The following Monday I attempted to call the Umatilla County Sheriff Office a number of times but only was able to leave a voice mail. After waiting most of the day for a call back I found the office’s email address online (civil@co.umatilla.or.us) and sent a request for an appointment at their next available time. Within 45 minutes I had a response and confirmed with them an appointment 6 weeks in the future in mid February. If I had been smart, I would have contacted the Sheriff’s Office for an appointment when I signed up for my class rather than waiting till after attending the class.

Now I wait for the license (or denial). They informed me that they are so far backlogged that it would probably be 90 days before I would receive my Oregon Concealed Handgun License. Oh well, I wait.


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Jan 292013
 

conceal carry Where can you legally carry a pistol/handgun, loaded or unloaded, concealed or not while in Washington State? Even though the title of the following RCW (Revised Code of Washington) is “Carrying Firearms”, it only deals with handguns not all firearms and primarily with respect to conceal carry on the person and handguns in vehicles.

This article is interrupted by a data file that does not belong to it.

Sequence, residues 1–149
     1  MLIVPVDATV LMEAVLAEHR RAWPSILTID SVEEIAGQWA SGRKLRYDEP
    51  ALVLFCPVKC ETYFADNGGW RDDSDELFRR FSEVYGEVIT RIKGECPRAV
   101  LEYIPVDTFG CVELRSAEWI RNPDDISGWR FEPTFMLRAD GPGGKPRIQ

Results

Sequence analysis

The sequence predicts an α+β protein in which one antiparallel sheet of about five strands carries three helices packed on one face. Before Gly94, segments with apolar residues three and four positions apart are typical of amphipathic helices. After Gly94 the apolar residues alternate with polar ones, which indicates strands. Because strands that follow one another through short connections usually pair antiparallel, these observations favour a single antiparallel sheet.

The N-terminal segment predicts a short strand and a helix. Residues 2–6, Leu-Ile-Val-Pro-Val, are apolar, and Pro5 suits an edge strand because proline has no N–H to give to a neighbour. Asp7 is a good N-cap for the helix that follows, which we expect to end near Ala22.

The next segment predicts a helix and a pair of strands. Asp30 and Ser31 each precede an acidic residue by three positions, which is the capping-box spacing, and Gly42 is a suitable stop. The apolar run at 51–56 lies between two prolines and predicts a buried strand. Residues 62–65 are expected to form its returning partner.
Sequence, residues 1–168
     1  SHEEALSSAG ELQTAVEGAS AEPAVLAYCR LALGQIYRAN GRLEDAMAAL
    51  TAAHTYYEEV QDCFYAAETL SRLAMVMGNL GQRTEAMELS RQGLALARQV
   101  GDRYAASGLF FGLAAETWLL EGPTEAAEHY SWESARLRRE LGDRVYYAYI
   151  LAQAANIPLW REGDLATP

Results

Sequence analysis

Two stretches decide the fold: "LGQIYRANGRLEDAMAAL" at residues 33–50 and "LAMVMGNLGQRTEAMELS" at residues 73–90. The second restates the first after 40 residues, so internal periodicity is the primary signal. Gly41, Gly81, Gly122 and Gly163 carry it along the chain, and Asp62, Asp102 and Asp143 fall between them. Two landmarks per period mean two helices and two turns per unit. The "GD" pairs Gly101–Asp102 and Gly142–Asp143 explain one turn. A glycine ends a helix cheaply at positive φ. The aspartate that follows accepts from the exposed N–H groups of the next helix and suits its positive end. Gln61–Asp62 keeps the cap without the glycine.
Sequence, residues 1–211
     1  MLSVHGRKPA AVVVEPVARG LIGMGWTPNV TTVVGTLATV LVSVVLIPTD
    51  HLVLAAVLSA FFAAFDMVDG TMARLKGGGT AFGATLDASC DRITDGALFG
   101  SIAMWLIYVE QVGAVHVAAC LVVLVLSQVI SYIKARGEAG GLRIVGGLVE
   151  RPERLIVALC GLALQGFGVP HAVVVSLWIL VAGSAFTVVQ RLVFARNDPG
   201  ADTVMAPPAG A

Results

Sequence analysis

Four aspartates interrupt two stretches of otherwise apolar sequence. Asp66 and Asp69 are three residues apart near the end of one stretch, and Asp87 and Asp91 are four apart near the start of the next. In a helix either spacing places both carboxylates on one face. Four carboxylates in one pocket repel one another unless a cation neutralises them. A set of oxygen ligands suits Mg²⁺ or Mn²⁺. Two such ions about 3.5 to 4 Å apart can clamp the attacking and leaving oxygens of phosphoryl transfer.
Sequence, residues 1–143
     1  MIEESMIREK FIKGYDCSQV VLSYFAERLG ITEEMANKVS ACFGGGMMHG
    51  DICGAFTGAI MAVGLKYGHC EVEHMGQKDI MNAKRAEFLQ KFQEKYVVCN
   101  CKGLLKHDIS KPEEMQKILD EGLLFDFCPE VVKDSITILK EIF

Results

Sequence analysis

RCW 9.41.050 – Carrying firearms

(1)(a) Except in the person’s place of abode or fixed place of business, a person shall not carry a pistol concealed on his or her person without a license to carry a concealed pistol (CPL).

Of the 3 rules in this section this one probably needs no explanation. Stated simply, you cannot conceal a weapon on your person unless you have a conceal carry license or you are at your ‘abode or fixed place of business.’ Only thing I have not seen spelled out is if a motorhome or camping trailer would be considered an ‘abode’ either while parked or moving but since I have my conceal pistol license, I don’t have to worry about that question.

The other thing of note is that it does not specify that it is dealing with the concealment of loaded pistols and therefore having an unloaded pistol concealed on your person would be just as illegal. The exception to this is noted below, without a license you can ‘conceal’ a handgun in an ‘opaque container’ or ‘secure wrapper’.

(2)(a) A person shall not carry or place a loaded pistol in any vehicle unless the person has a license to carry a concealed pistol and:
   (i) The pistol is on the licensee’s person,